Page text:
Rhonda Fleming, ‘Queen of Technicolor,’ Dead at 97

Golden Age of Hollywood leading lady Rhonda Fleming died Wednesday in Santa Monica, California, Variety reports. She was 97.

Fleming’s death was confirmed by her secretary.

Stars We Lost in 2020
View Photos

Born Marilyn Louis on August 10, 1923, in Los Angeles, her mother and grandfather were actors, but she was taken aback when she was discovered as a 16-year-old at Beverly Hills High by agent Henry Willson, who had a flair for renaming potential superstars — Arthur Gelien became Tab Hunter, Roy Scherer became Rock Hudson, and Marilyn Louis became Rhonda Fleming.

After uncredited bit parts in several films, including the classic “Since You Went Away” (1944), she made her credited debut working for the Master of Suspense, Alfred Hitchcock, in 1945’s “Spellbound.” Told she would play a nymphomaniac, she had to look up the word, and blushed.

She continued to light up the screen in such films as “The Spiral Staircase” (1946) and the landmark noir film “Out of the Past” (1947) with Robert Mitchum, Jane Greer and Kirk Douglas, of which she had been the last surviving cast member.

Another of her big hits of the era was in the color comedy “A Connecticut Yankee in King Arthur’s Court” (1949). The camera loved Fleming’s green eyes and flame-red hair, and she (like Maureen O’Hara) was dubbed the “Queen of Technicolor.”

Among her other films, some in 3-D, few as distinguished as her earlier work, were “The Great Lover” (1949) with Bob Hope, “The Last Outpost” (1951) with Ronald Reagan, “The Redhead and the Cowboy” (1951) with Glenn Ford, a turn as Cleopatra in “Serpent of the Nile” (1953), “Slightly Scarlet” (1956) with John Payne, and an important starring role in “Gunfight at the O.K. Corral” (1957) with Kirk Douglas and Burt Lancaster.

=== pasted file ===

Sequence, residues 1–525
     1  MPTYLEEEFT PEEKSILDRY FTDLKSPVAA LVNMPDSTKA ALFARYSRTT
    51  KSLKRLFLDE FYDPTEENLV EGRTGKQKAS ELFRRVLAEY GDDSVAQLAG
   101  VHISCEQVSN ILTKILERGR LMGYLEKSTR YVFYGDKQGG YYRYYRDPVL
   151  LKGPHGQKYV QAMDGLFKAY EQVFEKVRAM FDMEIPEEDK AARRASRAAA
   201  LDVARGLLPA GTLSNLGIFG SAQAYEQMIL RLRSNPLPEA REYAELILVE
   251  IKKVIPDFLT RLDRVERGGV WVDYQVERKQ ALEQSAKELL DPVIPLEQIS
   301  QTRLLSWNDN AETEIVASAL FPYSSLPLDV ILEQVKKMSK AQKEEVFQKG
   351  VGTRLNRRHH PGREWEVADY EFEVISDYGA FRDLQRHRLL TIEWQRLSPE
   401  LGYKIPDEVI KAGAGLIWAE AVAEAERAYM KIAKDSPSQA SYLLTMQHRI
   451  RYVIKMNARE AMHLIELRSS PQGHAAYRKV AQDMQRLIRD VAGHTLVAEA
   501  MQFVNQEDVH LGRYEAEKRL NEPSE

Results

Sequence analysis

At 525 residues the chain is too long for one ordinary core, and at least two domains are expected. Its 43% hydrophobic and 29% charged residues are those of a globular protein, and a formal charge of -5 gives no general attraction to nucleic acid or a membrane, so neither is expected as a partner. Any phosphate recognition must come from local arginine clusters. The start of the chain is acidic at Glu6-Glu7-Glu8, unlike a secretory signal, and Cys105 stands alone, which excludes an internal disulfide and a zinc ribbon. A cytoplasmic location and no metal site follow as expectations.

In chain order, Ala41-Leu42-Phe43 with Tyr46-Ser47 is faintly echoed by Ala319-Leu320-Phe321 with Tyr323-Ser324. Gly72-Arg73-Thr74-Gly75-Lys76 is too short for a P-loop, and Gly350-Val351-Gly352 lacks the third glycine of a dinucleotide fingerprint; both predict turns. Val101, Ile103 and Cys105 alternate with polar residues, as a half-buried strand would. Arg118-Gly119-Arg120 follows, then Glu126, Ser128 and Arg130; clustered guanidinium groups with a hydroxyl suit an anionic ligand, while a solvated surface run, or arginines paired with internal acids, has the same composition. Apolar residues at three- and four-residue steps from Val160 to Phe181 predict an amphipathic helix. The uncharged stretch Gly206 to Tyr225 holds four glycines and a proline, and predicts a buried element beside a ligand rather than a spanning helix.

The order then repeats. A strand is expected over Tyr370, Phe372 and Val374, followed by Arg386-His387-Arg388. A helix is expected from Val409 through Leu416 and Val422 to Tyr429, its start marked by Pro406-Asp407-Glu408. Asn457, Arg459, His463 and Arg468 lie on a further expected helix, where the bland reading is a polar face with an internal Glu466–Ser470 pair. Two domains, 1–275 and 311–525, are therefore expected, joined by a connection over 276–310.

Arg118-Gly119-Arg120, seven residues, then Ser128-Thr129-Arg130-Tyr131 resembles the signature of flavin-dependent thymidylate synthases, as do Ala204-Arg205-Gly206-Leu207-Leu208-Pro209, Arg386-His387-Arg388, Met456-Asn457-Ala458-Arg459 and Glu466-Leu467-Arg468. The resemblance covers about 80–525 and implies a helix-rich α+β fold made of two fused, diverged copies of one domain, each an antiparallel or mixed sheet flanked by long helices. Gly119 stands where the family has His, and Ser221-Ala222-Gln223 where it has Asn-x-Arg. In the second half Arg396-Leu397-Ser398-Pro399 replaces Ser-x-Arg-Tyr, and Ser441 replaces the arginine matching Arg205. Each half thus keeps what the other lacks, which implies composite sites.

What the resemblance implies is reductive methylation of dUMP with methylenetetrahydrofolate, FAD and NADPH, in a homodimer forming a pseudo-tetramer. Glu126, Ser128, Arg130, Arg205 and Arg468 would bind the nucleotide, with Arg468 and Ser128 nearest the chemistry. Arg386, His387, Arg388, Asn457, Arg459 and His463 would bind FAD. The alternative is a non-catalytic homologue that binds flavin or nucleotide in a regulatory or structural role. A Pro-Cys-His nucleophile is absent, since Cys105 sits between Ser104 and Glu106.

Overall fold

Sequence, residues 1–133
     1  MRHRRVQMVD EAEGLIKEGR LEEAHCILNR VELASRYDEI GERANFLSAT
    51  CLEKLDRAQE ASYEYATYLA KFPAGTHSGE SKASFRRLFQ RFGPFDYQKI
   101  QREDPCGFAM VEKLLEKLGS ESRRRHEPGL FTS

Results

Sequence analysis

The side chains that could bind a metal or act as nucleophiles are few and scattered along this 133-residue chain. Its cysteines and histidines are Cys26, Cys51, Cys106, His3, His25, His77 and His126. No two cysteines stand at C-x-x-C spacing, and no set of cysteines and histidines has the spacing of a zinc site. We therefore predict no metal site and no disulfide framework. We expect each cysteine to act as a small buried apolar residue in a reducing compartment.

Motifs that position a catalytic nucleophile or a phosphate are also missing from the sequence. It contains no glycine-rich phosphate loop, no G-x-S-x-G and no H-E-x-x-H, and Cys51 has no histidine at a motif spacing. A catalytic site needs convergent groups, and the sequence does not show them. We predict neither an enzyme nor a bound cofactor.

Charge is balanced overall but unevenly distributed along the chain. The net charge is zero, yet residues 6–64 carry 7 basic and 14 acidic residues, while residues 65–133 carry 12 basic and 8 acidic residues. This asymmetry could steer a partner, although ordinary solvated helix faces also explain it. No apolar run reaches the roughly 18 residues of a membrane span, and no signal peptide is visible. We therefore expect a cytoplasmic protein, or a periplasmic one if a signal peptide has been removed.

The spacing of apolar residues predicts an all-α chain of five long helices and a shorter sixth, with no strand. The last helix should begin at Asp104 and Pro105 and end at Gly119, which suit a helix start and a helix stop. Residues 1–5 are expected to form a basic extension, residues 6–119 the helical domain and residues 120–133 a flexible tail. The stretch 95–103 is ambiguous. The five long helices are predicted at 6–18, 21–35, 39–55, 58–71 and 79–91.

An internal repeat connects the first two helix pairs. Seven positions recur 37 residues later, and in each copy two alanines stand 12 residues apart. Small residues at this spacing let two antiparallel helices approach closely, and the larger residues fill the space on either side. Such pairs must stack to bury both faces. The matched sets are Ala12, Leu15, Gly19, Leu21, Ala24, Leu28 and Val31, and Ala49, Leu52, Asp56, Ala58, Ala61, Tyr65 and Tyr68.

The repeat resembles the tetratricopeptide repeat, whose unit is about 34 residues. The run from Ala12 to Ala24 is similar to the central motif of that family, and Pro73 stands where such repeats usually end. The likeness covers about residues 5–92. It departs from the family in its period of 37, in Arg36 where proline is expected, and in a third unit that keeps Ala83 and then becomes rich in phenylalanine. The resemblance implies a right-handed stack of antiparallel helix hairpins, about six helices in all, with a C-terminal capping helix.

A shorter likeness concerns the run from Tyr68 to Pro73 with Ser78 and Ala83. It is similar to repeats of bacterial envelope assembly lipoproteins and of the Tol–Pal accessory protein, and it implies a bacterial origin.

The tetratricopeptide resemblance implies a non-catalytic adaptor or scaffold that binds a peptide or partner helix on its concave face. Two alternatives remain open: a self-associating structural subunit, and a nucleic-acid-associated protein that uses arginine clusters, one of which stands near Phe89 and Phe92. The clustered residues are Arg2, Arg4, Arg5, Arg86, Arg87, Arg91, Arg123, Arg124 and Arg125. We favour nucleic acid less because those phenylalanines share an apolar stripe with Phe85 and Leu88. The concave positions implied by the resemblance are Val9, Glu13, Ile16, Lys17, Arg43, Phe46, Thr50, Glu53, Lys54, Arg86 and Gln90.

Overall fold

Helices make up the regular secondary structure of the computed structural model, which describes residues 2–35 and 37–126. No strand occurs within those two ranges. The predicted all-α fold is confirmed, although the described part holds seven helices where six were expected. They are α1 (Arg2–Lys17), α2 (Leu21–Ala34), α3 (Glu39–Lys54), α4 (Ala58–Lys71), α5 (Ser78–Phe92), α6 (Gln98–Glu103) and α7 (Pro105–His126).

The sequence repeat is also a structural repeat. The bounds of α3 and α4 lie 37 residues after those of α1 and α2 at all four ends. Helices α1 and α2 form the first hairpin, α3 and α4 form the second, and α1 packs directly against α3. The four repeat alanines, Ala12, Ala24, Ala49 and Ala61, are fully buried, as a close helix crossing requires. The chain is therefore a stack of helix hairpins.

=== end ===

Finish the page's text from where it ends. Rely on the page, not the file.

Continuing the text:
By 1957, Fleming had debuted a wildly successful Las Vegas revue that emphasized her glamour and her curves, and cut a sultry album in 1958. After 1960, Fleming, financially secure thanks to savvy investments, mostly made untaxing TV guest spots on such series as “Follow the Sun” (1962), “McMillan & Wife” (1974), and “The Love Boat” (1978).

Fleming’s final film roles were in the celeb-packed “Won Ton Ton: The Dog Who Saved Hollywood” (1976), spoofing herself as “Rhonda Flaming,” and in the “Get Smart” film “The Nude Bomb” (1980).

Coming out of retirement, the deeply religious Fleming gave her final performance in the Christian-themed short “Waiting for the Wind” in 1990, reuniting with Robert Mitchum.

For the past 60 years, Fleming had been an activist on behalf of prayer in schools and in support of women’s health, abused children (Childhelp), battered women, cancer causes, the homeless (P.A.T.H.), and other charities. She established the Rhonda Fleming Mann Clinic for Comprehensive Care for Women with Cancer at UCLA, the Rhonda Fleming Mann Resource Center at UCLA, and the Rhonda Fleming Inspiration Garden at Providence Saint John’s Health Center.

Fleming also contributed to various film restoration projects, including her own “Cry Danger” (1951), appearing at a screening for the film in 2010 in her late 80s looking decades younger.

Married six times, Fleming was widowed in 2017. She is survived by her son, Kent Lane, four stepchildren, two grandchildren, four great-grandchildren, and two great-great-grandchildren.

Source link